Shared Reading Project

Welcome to the Shared Reading Project!
SRP Logo

The Shared Reading Project (SRP) was developed by the Clerc Center to provide tutoring and support to parents and caregivers who do not know how to effectively share books with their young deaf and hard of hearing child. When parents effectively share books, there is greater likelihood of an improvement in the reading ability of their deaf and hard of hearing child and it contributes to higher reading ability in school.

How the Shared Reading Project Works

The Shared Reading Project is designed to teach parents and other caregivers how to read to their children who are deaf using American Sign Language and how to use strategies to make book sharing most effective. See: The 15 Principles for Reading to Deaf Children.

Culturally diverse Deaf readers were filmed as they used American Sign Language to read fun, predictable children's books. Deaf tutors visit the home to demonstrate how to sign the stories, and provide instant feedback to family members. The family uses the DVDs of deaf readers signing the story to reinforce the new signs after the tutor has left. Because children love seeing these books read over and over again, the parents have repeated opportunities to practice. Steps in the SRP tutoring process

  1. Once a week, a deaf tutor visits each home. The visits are scheduled at a time convenient for each family, with most taking place evenings or weekends. The tutor demonstrates how to sign a popular children's storybook.
  2. Family members practice signing the story. The tutor gives needed feedback to family members.
  3. The family members read the story to the deaf child. The tutor watches and gives helpful hints.
  4. The tutor leaves a "family book bag" with the family for a week. The bag contains a copy of the book, a DVD for practice, a bookmark with tips for reading to deaf children, and a guide containing activities to do with the child after reading the story.
  5. During the week, family members read the story to the child again and again. If family members forget some signs, they can look at the DVD, which has a deaf signer reading the story, to reinforce what the tutor previously taught.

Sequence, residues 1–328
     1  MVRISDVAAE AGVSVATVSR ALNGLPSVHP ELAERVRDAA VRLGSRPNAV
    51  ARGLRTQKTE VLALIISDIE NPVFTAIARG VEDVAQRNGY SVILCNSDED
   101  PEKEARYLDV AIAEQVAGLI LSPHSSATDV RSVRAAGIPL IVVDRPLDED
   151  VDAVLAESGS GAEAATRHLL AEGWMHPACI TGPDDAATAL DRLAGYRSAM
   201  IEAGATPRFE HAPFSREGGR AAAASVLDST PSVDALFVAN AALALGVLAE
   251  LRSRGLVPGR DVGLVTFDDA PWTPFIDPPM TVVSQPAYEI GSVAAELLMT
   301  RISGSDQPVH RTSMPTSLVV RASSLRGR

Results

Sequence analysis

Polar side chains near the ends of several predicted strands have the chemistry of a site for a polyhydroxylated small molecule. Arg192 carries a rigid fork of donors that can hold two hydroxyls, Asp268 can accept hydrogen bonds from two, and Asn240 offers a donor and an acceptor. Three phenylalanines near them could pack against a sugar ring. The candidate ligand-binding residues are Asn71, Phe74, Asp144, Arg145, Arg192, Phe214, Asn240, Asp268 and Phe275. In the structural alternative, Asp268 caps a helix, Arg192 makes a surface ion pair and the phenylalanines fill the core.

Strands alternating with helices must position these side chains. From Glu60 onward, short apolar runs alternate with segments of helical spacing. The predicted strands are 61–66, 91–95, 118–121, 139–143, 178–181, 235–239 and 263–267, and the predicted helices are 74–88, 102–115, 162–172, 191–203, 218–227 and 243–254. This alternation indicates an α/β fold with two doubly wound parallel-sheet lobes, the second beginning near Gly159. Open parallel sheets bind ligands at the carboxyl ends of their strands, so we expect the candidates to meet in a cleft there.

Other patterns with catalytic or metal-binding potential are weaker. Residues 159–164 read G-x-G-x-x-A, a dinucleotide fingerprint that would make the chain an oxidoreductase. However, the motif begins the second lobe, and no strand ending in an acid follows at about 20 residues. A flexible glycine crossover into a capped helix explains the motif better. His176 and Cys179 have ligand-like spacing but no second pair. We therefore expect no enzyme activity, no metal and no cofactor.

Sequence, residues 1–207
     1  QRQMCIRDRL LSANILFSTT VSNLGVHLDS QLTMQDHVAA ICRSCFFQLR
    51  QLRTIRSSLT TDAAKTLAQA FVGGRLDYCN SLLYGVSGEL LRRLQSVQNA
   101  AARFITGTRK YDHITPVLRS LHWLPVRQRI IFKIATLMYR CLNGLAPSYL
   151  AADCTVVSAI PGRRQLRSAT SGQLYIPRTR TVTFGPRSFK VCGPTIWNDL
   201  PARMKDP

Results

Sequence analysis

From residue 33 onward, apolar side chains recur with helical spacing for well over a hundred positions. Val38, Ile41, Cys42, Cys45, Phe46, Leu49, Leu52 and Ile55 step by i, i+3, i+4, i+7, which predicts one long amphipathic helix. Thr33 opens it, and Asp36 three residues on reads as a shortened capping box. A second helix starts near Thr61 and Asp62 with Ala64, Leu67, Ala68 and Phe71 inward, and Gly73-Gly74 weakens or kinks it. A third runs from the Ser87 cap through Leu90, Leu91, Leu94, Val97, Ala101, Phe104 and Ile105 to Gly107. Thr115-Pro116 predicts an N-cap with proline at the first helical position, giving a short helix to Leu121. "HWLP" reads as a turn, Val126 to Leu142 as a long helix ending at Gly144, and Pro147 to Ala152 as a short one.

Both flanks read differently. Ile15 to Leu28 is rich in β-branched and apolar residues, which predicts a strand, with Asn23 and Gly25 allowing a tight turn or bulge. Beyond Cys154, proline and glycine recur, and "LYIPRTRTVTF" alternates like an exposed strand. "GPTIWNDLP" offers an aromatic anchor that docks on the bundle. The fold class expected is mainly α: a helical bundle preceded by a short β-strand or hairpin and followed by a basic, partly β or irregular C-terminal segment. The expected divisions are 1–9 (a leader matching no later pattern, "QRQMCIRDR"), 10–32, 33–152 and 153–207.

6. Family members make note of the number of times they read the story. They also jot down questions for the next tutoring session. The following week the tutor brings a new book, and the process begins again.

If you are interested in setting up a Shared Reading Project at your school, please e-mail training.clerccenter@gallaudet.edu for more information. The Clerc Center can assist you in setting up a Shared Reading Project at your own school or program and provide you with the materials to get you started. An on-line training for new site coordinators is in development.

Parent and Caregiver Comments 

"Our daughter really benefited from the program. In fact, our whole family did. Our tutor did a wonderful job."

"Our tutor really helped us out with the story. I don't feel awkward at all signing in front of the tutor. I am usually shy because my signing is slow and not very advanced. My husband also feels at ease."

"My daughter has made a lot of progress through the program. She is more interested in what the words say--not just the pictures. The tutor has helped me expand on the story as well."

"Our son really enjoyed the "School Bus Book." It was also great for our 5 year old because he is learning to read and was able to practice his reading and signing skills. We all enjoyed watching the boys share this book."

Additional Resources

The 15 Principles for Reading to Deaf Children

Odyssey: Shared Reading (PDF  full issue)
This issue is dedicated to the concept of sharing books with Deaf and Hard of Hearing Children

Sharing Results: Shared Reading Project: Evaluating Implementation Processes and Family Outcomes (PDF)

Articles from around the U.S.:

Shared Reading Project brings stories to life, by Alison and Troy Talbert, Hands & Voice Communicator, Volume VII, Issue 3 (Winter 2003/2004) 

Connecting by reading: Deaf children, hearing parents create bonds by Judd Slivka, special for The Arizona Republic (August 10, 2005)

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